cheese, carded and spun the wool, wove cloth, dyed it with homemade dyes,
knitted and sewed clothing, mended mittens and socks. {23} On occasion
she pitched in and helped to rake hay or bind the Gain after it had been
cut with the cradle. She bore children year after year; and she cared for
the sick when her home was struck by disease. She got little leisure or
relaxation. Mrs. Gro Svendsen, who loved to read, evidently was obliged
to get in most of her reading during her confinements. For most of the
pioneer women there was the diversion of going to church of a Sunday or
of spending a part of an evening before the fireplace or in the dim light
of a tallow candle. Probably the housewife knitted while stories out of
long ago were told. She or her husband, or perchance a grandmother, would
spin tales of wood nymphs, hobgoblins, trolls, and ghosts, hair-raising
stories from the Norwegian "Black Book," told in a hushed voice, or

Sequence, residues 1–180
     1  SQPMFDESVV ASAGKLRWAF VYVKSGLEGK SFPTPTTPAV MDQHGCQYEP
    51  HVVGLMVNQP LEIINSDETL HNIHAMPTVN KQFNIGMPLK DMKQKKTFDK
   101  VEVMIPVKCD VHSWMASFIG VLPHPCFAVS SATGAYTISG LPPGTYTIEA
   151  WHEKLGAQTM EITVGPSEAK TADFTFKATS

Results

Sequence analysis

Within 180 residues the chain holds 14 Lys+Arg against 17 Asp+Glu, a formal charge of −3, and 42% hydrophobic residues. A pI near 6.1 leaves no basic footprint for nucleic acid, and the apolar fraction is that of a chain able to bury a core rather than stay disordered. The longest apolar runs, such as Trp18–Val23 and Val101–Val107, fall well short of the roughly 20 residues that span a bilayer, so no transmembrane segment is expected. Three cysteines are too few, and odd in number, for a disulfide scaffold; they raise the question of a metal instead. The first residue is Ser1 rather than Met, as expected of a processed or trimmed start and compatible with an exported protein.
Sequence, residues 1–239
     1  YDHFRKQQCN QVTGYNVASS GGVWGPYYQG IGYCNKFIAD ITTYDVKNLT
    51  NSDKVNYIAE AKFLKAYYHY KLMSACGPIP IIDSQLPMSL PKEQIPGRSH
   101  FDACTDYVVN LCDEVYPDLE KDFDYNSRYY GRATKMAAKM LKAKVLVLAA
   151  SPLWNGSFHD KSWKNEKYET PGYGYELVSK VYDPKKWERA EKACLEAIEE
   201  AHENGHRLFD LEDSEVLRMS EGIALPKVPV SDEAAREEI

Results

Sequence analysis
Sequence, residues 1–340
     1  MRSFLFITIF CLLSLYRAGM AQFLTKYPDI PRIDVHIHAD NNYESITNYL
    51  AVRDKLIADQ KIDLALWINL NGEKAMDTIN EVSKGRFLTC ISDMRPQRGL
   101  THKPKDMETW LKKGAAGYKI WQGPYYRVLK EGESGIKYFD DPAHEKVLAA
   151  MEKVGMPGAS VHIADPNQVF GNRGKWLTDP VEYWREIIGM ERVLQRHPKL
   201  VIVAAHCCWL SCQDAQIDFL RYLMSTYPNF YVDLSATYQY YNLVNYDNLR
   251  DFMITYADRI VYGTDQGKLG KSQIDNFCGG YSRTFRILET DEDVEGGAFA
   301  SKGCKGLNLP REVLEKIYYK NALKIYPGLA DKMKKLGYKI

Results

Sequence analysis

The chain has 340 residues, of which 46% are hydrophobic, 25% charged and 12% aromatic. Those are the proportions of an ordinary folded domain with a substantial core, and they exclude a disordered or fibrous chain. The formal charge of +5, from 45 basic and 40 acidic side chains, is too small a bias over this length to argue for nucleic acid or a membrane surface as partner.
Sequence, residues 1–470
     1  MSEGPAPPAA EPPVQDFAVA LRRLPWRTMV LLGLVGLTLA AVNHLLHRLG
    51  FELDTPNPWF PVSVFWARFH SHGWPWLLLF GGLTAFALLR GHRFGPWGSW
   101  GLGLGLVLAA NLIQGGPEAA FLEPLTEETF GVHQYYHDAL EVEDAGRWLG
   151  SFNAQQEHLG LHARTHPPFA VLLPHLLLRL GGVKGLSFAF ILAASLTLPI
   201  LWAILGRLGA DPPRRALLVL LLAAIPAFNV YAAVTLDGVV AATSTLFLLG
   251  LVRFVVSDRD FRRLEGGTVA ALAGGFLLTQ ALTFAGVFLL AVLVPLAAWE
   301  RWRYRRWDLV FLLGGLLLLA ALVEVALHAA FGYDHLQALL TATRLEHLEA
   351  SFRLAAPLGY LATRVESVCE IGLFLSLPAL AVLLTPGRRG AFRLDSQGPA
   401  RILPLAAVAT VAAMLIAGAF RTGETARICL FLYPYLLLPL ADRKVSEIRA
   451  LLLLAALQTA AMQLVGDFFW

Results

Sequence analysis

accounts of the heroic struggles of supermen. {24} [49]

(Picture of A Newspaper Advertisement [From Den norske Amerikaner, March
1, 1856.])

The early Norwegian settlers were reluctant to venture out on the
prairie, but even in the 1840's Munch Rder concluded that those who had
done so in Wisconsin --- at Rock Prairie, for example --- " as a rule
were more successful than those who had cut their way into the woods." He
found that "one or two years will generally suffice to fill the barns out
on the prairies," whereas the woods people worked for three or four years
and even then had difficulty in raising "enough food for their own use."